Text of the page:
Writer: Sara Warden
2 min read August 2021 — Across the US, banks have been closing doors at a rate of three per day over the last 10 years. While the industry remains strong, thanks to rapid adoption of digitization in the banking sector, customers have realized they do not necessarily need a brick and mortar branch to conduct their banking activities. Greater Philadelphia has seen its share of recent branch closures.
After BB&T’s merger with SunTrust to become Truist, BB&T branches in Butler Township, Shenandoah, Palmerton and Orwigsburg have closed. The merger created some redundant branches given that many were located very close together. The same happened after PNC acquired BBVA, with the bank announcing the closure of 160 branches in 2020 and 120 in 2021. In June, Wells Fargo decided to close 21 branches, including one in Philadelphia, in an effort to cut costs. Santander also said it would close 15 more Pennsylvania branches this year in response to changing consumer preferences.
Banks closed a record 3,324 branches nationwide in 2020, and opened 1,040, for a net loss of 2,284 branches, according to S&P Global Market Intelligence data. This is despite a slowdown in mergers in 2020 to 110, down from 261 in 2019, according to Deloitte. The consulting firm expects more bank closures on the horizon as M&A activity surged at the end of 2020, but this shows that redundant branches are not the only reason for branch closures.
M&A activity has been the main driver of branch closures, but the COVID-19 pandemic has only accelerated the situation. According to research, teller transactions are down 30% to 40%. Vincent D’Alessandro, first senior vice president and regional president at OceanFirst Bank expects M&A activity to remain elevated as banks fail to keep up with customers’ increasing demand for digital services. “We are now fully immersed in the modern-day reality that we are living in a digital world,” he said in an interview with Invest:. “Clients are looking for multiple channels through which to do business including having access to a full array of sophisticated and advanced products.”
But according to others, there will always be demand for bank branches. “For us, brick and mortar is an important component of our delivery channel, model and brand,” said Joseph Tredinnick, market president of Republic Bank to Invest:. He attributed large-scale branch closures to consolidation among large banks, who often find themselves with duplicate branches in the same location after a merger.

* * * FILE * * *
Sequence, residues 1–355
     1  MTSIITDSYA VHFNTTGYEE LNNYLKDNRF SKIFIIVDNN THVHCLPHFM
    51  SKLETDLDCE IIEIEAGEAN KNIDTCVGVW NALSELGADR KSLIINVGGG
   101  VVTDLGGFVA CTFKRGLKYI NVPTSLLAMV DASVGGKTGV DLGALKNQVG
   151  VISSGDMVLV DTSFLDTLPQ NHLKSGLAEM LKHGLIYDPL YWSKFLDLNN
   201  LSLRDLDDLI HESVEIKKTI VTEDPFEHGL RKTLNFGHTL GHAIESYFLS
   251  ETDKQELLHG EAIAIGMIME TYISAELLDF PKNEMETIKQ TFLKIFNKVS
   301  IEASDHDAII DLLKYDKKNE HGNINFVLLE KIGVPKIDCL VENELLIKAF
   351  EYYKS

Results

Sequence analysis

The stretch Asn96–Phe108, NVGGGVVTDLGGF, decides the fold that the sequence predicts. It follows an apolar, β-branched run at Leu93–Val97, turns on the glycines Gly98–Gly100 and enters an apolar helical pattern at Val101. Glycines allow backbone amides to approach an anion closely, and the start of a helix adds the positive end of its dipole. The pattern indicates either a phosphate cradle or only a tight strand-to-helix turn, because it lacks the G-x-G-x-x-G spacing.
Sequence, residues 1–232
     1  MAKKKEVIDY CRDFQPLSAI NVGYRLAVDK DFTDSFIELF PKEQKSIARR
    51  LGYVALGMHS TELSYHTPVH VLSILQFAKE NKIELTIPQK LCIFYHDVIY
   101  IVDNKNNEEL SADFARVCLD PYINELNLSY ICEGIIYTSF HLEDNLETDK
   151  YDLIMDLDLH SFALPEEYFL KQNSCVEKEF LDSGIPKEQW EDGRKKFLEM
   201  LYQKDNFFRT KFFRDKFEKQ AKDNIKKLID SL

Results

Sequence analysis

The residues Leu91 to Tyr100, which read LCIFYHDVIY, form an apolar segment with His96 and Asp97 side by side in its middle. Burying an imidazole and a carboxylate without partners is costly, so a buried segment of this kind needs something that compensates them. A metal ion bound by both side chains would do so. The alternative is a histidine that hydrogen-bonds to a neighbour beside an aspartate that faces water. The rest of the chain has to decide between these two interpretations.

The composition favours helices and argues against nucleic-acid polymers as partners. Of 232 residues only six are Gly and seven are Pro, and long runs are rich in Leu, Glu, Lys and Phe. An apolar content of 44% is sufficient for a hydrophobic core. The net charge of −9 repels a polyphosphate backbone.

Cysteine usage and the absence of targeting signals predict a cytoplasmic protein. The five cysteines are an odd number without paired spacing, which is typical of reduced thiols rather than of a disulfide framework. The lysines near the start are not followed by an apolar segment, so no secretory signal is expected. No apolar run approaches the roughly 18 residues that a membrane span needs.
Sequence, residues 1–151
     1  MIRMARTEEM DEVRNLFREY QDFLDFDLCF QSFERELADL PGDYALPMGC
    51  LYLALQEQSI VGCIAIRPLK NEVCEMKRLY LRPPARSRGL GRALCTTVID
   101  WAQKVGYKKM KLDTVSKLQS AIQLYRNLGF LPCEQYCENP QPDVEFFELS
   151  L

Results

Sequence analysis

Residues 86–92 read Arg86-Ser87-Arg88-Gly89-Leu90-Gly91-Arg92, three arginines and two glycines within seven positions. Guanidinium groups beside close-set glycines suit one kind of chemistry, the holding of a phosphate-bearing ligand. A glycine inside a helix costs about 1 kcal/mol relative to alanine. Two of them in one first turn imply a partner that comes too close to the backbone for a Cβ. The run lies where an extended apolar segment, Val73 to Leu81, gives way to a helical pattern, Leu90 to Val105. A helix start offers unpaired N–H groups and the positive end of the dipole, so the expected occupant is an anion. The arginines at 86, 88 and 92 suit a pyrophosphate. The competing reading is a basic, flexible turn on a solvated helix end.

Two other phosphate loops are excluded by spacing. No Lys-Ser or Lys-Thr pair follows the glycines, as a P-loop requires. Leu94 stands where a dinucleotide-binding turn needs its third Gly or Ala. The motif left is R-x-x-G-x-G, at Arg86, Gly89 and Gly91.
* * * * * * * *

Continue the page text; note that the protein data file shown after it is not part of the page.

This sentiment was echoed by Anthony DeSalle, president and CEO of Crest Savings Bank, who insists that community banks will always have a place in the market given that they are strongly tied to their communities and local decision-making is of great value to customers. “The branch experience is still necessary. We have the technology for the virtual engagement of our customer, but the more complex, personal transactions are better suited for face-to-face interaction in a branch. Studies show that having branches matters since consumers enjoy the option of multiple channels,” he told Invest:.
In July, Citizens Bank agreed to buy New Jersey-based Investors Bancorp for $3.5 billion. The group’s 146 branches are spread out across New York and Philadelphia and make it Philadelphia’s seventeenth-largest deposit taker with $1.8 billion in deposits. In comparison, Citizens is the fourth-largest deposit taker in Philadelphia. Citizens said the deal was designed to solidify its presence in Philadelphia and other areas, as well as to expand its branch base and reach. Citizens has not yet announced plans to close branches as a result of the deal but it says the merger will generate synergies of $130 million.
It seems that variety is key. While customers have migrated a great deal to online platforms to carry out their banking, many balk at the prospect of no branch contact at all. Like in most parts of the country, banks in Philadelphia continue to strive to meet the customer where they are.